North Yorkshire bridge with links to Richard III to be saved from 'structural instability'

A highways authority responsible for the upkeep of about 2,000 bridges looks set to launch action to rescue a historic landmark from “structural instability and failure”.

North Yorkshire County Council has lodged an application with its own planners to repair Middleham Bridge, a castellated structure designed to echo Middleham Castle and the area’s links with Richard III.

Planning documents state such is the sensitivity of the works to the grade II listed iron and coursed rubble deck bridge that masons would need to be brought in to complete the works to the northwest turret.

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A council spokesman said: “It is supposed that vibration from the bridge causes excess movement where the parapet is connected to the turret. This in turn has led to the mortar cracking and falling out. Without this maintenance, further degradation may lead to structural instability and failure.”

The historic bridge in Middleham

Richmondshire councillor for Leyburn John Amsden said the bridge had undergone numerous repairs in recent years. He said the bridge, which was once described in a sketch by celebrated artist JMW Turner as “The Entrance To Wensleydale”, was an extremely important for those travelling between Wensleydale and Harrogate, Ripon and Masham.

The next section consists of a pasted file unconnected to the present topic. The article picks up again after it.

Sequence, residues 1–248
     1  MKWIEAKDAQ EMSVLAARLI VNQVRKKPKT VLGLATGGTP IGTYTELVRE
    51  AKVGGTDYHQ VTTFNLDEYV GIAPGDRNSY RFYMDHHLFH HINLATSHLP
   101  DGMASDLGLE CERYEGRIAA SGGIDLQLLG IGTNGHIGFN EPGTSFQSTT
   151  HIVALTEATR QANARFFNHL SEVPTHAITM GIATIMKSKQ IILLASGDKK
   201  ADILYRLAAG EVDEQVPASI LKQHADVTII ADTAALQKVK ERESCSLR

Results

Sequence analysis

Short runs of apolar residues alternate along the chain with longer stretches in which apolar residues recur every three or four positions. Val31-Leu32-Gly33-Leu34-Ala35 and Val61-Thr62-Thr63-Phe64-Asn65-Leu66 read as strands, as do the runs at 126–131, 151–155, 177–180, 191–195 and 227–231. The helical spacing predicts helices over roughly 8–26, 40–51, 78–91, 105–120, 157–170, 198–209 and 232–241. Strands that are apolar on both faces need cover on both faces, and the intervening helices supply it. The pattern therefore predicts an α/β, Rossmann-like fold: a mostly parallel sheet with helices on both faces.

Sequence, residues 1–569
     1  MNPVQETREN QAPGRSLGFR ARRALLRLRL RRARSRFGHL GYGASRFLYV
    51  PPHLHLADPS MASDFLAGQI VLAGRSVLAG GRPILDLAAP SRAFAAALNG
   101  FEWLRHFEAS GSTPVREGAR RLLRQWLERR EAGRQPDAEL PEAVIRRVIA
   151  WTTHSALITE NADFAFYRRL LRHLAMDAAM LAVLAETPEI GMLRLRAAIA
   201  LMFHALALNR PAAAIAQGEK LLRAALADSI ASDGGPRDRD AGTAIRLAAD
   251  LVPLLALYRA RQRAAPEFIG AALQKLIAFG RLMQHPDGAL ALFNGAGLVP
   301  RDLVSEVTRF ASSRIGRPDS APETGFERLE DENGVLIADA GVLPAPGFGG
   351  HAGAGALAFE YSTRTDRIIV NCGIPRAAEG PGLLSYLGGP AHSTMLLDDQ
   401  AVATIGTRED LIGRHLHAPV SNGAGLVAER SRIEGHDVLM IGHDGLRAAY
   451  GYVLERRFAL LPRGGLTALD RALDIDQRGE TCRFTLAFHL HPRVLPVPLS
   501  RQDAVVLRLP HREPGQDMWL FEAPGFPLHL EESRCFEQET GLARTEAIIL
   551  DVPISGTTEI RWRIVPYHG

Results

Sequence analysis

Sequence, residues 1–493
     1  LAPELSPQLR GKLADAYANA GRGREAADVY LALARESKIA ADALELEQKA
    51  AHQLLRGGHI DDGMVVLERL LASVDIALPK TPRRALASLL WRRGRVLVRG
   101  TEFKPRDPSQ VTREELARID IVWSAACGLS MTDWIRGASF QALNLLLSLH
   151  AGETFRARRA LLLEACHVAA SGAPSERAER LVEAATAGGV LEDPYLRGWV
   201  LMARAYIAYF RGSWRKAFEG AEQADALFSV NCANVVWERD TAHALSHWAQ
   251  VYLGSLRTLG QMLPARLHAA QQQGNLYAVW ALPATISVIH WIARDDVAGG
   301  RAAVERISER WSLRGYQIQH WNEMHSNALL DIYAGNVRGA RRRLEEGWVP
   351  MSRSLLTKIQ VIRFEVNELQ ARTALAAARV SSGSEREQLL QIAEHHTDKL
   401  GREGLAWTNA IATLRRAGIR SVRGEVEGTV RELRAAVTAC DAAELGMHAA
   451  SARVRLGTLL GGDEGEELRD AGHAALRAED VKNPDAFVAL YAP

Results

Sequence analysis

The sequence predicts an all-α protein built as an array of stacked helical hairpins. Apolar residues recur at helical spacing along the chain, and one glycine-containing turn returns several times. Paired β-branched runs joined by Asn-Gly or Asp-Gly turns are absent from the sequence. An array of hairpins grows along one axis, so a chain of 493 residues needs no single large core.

While the bridge has been seen by worldwide audiences as cyclists crossed during the Tour de France and UCI World Championships, Coun Amsden said features such as the bridge’s mock medieval towers made also popular with tourists, adding: “It’s a landmark in the lower part of the dale.”

In 1829, a simple suspension bridge was built over the River Ure to replace the ford at Western Willows, but after only a year it collapsed under the weight of a herd of bullocks being driven across the bridge and “getting into step”.

It was repaired and made a deck bridge. Soon after a toll was introduced to pay for its upkeep. In 1864 the bridge was replaced by an iron girder one and the toll continued until 1880, when it was taken over the county’s highways.

A council spokesman said the bridge, which has a height restriction and only has as single lane, would need to be closed for the works, which would coincide with a road resurfacing programme between Leyburn and Middleham, scheduled for this month.